In Cinemas: 'Gone Girl' (2014) + 'Magic In The Moonlight' (2014)
As an unmarried man, I'm pretty sure 'Gone Girl' (★★★★) has set back my desire to wed by several years. Acclaimed director David Fincher masterfully takes Gillian Flyn's twisted 2012 novel to the big screen, aided by the novelist's own screenplay. The result offers a simmering tension previously seen in the likes of excellent Fincher offerings 'Se7en' and 'The Social Network'.
Nick Dunne (Ben Affleck) and his wife, Amy (Rosamund Pike) seem like the perfect couple - till she goes missing on their fifth wedding anniversary. Their relationship is put under intense scrutiny, leading to inevitable suspicions that Nick himself was involved in Amy's disappearance. 'Gone Girl' is a darkly unpredictable thriller, managing to even maintain an undercurrent of uneasy humour. Ultimately, the feeling of absurdity is difficult to overcome, but my what a ride.
Writer-director Woody Allen continues his prolific filmmaking run despite approaching the ripe old age of eighty years old sooner rather than later. Following up last year's relatively weighty 'Blue Jasmine', Allen opts for a more whimsical fare with 'Magic In The Moonlight' (★★★), set in the French Riviera in the 1920s.
Colin Firth stars as Stanley, aka the great Wei-Lin Soo, an illusionist and rationalist who is recruited to debunk the work of a young clairvoyant, Sophie. Stanley struggles to find fault with Sophie's (Emma Stone) methods and the situation increasingly becomes a will-they-won't-they romance. Often enchanting and amusing, nonetheless fans of the lighter Allen touch would perhaps be better served revisiting 'Midnight In Paris'.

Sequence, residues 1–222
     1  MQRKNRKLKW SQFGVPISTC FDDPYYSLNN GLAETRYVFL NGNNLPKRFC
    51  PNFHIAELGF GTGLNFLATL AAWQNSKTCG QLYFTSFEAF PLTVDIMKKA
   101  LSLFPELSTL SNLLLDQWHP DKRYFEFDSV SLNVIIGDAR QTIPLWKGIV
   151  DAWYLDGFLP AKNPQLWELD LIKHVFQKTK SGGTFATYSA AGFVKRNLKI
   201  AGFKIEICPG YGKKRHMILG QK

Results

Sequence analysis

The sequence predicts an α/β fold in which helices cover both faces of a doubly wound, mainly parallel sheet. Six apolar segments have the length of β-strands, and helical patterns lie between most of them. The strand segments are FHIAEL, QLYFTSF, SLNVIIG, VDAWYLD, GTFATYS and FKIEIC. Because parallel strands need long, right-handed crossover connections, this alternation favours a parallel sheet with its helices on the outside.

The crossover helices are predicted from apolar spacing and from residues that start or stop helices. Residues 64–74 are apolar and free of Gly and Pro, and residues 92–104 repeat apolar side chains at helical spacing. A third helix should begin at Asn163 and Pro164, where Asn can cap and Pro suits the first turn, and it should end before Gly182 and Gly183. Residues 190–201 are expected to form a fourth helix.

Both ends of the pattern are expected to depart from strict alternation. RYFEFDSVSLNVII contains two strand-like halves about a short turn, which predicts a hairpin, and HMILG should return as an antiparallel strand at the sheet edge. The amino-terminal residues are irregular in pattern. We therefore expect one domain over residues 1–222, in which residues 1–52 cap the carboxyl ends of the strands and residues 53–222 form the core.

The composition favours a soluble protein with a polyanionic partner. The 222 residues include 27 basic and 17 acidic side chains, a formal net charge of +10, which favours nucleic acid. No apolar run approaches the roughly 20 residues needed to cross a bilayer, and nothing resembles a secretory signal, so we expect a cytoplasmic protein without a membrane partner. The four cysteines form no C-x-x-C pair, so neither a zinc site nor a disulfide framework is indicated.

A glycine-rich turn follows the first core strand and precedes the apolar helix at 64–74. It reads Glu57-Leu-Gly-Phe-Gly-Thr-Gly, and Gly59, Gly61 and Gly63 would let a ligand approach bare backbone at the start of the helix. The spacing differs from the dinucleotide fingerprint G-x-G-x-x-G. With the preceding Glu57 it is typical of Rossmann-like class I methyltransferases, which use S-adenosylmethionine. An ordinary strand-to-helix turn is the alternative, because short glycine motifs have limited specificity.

At Home: 'Edge Of Tomorrow' / 'Fruitvale Station' / 'Bad Education' / 'The Paedophile Hunter'
Out on DVD this week and the next come two films that we covered back in June in this very column, 'Edge Of Tomorrow' and 'Fruitvale Station'. The former sees Tom Cruise killed over and over again as he battles an invading force of aliens, while the latter takes on the tragic tale of a young American. Both are worth investigating, for very different reasons.
Jordan FG delivered another Telly Text column earlier in the week, and you can still catch BBC Three comedy 'Bad Education' and documentary 'The Paedophile Hunter' on catch-up TV.
TV & Movie News
Probably the biggest news of the week was the newly announced nine episode series of David Lynch and Mark Frost's 'Twin Peaks', which originally hit the screens at the turn of the Nineties. The third series will appear on Showtime in 2016.
The 58th BFI London Film Festival is now in full flow - check out overall preview of the festival here, recommending films such as WWII thriller 'Fury' and Jean-Luc Godard's foray into 3D, 'Goodbye To Language'.
If you've already caught 'Gone Girl', as reviewed above, then 'Donnie Darko' director Richard Kelly has written an essay on the film - aligning it with Stanley Kubrick's 'Eyes Wide Shut'.
The latest trailer to Christopher Nolan's eagerly anticipated 'Interstellar' arrived recently. Watch it above, and catch it in UK cinemas from 7 November.
And finally, a 'Myst' TV show is supposedly in development, with tie-in mobile gaming designed to be played alongside the programme. As an avid fan of the mysterious video game, colour me intrigued.
Read previous On Camera columns here. Drop us a line at film(at)fadedglamour.co.uk if you have something you think might be worth featuring in a future column.